Mary Boyce in her book titled “Zoroastrians: Their Religious Beliefs and Practices.” strongly vouches’ for Zoroastrianism as having played a major influence on not only religion but on the entire humanity. I quote her:” Zoroastrianism has probably had more influence on human life, directly and indirectly, than any other single faith”

Some sections of the camp that support the influence of Zoroastrianism on other religions argue that when Zoroastrianism was the state religion of Persia and the Sasanian Empire respectively, it must have exerted deep influence on some of the major religions of that time namely; Hellenism, Judaism, and Christianity which as a ripple effect, exerted more or less of the same sort of influence on other religions like Islam by virtue of being in the same cultural world. (The Wiley Blackwell Companion to Zoroastrianism p 491). In fact Winfred Corduan argues in his book (Neighboring Faiths; A Christian Introduction to World Religions p 131) that the Jewish Religious text referred to as the Talmud indicates that Jews brought back with them angels’ names from Babylon.

But even those that vehemently deny the effect that Zoroastrianism must have had on other religions are not totally honest in their view since there are areas that they partly admit to this influence but insist that it is negligible. Take for instance the book, Neighboring Faiths: A Christian Introduction to World Religions by Winfred Corduan where the author attempts to disapprove the effect that Zoroastrianism has had on other religions. However, I sense some contradictions in his argument where he states in the book by quoting scholarly sources that there are some religious concepts that Jews adopted during the period of exile in Babylonia directly linked to Zoroastrianism. Like the concepts of Angels, Satan, demons, and the apocalypse. Pardon me momentarily here, isn’t this the point which the author is trying to argue against? It doesn’t help much that the author tries to water down this argument by stating that scholarly support of this notion has eroded over the years, the point is that there is at least some evidence that points out there must have been some significant influence of Zoroastrianism on other religions.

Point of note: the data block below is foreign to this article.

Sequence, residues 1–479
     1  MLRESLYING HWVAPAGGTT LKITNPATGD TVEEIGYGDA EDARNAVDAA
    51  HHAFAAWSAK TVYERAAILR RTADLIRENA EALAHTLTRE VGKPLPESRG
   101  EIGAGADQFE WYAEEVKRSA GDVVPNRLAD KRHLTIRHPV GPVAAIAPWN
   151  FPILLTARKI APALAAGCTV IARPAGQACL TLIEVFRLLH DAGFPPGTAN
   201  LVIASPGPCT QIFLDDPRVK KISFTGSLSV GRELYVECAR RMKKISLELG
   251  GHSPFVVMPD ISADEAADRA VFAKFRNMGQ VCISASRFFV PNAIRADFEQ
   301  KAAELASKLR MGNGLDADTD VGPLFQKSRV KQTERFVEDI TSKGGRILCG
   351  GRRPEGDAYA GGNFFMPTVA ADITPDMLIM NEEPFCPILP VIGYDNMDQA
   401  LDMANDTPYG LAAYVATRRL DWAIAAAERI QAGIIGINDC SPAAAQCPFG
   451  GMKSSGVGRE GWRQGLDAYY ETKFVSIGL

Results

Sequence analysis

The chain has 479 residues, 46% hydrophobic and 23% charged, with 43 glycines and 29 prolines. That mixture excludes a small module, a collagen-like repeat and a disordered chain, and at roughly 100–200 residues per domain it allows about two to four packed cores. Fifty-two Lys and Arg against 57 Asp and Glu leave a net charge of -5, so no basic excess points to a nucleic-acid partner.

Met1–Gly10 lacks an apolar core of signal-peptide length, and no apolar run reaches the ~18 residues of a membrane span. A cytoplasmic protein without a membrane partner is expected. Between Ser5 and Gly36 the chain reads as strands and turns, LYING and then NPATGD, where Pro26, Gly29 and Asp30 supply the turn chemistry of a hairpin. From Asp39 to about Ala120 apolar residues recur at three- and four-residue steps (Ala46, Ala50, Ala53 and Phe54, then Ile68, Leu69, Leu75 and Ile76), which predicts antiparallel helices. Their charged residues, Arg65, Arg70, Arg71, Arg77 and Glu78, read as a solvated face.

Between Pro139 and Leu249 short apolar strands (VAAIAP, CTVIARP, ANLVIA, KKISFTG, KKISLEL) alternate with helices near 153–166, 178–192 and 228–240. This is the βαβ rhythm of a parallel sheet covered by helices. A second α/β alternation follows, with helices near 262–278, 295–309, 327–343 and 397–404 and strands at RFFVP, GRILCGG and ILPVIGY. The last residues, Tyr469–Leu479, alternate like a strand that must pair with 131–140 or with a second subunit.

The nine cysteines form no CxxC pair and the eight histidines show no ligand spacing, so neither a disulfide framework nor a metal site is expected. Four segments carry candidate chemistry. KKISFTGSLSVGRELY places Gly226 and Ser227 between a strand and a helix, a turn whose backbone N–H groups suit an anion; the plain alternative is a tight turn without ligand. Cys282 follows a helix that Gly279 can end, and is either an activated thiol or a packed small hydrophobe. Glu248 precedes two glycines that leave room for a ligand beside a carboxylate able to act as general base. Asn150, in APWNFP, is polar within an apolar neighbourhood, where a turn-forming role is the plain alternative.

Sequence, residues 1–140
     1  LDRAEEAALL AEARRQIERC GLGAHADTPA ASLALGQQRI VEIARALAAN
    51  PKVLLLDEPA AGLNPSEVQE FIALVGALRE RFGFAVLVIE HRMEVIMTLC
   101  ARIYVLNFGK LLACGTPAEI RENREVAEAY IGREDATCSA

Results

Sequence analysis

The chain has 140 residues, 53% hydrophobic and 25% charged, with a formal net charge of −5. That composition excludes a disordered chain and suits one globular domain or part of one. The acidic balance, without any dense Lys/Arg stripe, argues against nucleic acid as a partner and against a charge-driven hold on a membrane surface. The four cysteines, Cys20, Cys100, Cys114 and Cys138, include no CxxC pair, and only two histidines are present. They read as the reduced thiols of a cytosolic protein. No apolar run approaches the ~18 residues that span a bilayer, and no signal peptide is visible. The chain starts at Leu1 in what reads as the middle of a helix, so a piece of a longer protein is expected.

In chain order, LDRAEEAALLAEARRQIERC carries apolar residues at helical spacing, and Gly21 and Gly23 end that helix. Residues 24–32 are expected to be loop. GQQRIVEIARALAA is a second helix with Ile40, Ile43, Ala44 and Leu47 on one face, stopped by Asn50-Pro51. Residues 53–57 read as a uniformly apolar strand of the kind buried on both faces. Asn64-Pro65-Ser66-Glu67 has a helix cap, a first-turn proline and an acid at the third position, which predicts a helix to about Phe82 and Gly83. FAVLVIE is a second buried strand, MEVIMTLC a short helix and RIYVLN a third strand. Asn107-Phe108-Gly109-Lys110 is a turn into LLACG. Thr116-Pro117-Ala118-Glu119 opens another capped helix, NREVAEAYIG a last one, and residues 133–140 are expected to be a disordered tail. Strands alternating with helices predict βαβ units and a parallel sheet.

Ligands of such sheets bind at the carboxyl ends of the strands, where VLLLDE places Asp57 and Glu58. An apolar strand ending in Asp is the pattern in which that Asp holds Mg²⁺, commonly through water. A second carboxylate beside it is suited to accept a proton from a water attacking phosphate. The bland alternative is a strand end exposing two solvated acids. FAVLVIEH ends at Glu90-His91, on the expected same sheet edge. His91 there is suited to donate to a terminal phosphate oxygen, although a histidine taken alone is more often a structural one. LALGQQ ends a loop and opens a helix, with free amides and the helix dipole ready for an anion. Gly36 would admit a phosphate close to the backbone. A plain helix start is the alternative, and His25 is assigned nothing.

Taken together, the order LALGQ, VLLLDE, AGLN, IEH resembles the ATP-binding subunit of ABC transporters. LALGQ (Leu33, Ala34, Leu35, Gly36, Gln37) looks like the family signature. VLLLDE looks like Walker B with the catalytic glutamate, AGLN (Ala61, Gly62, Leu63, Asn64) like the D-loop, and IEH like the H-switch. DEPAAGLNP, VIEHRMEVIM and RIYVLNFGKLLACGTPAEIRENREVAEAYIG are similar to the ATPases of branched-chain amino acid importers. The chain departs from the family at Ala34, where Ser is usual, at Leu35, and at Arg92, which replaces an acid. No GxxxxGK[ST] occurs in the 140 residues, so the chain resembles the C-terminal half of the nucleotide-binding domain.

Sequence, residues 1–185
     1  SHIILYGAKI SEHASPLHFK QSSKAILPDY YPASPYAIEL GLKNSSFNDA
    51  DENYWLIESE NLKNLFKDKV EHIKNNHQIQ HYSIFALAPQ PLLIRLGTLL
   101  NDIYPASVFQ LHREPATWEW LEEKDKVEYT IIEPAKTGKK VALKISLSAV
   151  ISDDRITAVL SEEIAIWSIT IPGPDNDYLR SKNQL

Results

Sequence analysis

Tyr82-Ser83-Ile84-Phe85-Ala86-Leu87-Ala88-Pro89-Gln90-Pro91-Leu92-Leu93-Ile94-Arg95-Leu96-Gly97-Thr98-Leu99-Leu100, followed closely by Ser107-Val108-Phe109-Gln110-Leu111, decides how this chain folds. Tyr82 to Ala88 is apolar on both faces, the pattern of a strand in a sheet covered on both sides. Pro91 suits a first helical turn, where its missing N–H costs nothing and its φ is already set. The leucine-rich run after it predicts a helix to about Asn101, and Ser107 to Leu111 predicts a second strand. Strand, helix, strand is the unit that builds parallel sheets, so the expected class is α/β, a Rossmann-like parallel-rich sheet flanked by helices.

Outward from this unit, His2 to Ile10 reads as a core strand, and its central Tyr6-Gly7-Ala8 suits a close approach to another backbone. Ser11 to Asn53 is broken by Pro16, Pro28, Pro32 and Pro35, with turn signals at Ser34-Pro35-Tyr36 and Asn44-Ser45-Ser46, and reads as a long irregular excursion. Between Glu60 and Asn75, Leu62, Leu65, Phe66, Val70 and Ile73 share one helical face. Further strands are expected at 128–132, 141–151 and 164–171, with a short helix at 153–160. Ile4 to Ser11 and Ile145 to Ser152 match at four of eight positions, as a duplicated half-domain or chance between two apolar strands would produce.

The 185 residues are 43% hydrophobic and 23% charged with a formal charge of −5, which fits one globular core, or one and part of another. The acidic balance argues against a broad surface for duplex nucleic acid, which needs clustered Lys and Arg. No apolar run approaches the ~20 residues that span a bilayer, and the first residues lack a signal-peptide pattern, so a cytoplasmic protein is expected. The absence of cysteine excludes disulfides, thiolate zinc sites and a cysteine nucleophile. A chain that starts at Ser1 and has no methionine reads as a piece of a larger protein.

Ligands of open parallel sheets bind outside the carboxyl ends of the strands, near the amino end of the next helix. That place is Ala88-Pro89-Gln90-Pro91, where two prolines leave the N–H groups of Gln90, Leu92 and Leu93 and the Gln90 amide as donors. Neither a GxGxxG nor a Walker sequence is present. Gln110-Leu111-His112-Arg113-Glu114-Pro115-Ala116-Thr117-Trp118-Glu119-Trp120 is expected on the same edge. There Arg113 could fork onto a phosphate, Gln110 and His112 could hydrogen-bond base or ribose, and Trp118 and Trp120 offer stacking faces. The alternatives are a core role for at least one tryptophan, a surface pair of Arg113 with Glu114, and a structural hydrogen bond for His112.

Still on the same book, the author has outlined points punching holes on the notion that Zoroastrianism might have had some influence on other religions. In one of these points, he states that for Zoroastrianism to be said to have had some influence on say Judaism, there must have been sufficient opportunity for the Jews to absorb Zoroastrian doctrines. My question is, wasn’t there such an opportunity? Over five centuries of Jewish exile in Babylon must have been plenty opportunity to be influenced if you ask me. A typical example is the strong beliefs held by Zoroastrians in an ultimate resurrection, the final judgement, the torments of hell, and the delights of heaven-beliefs that gave clear echoes in the eschatology of Judaism, Christianity, and Islam.

Here is my take; Zoroastrianism is not one of those religions that you can simply wish away, at one point it was a state religion for two respective empires running thousands of years. For this simple reason, there can be no denying that it must have had some solid influences on most of the religions that it came into contact with and vice versa.
Even though its popularity has significantly dwindled over the years we must agree either fully or partially that Zoroastrianism played some role in influencing some of the modern day religions that came into contact with it.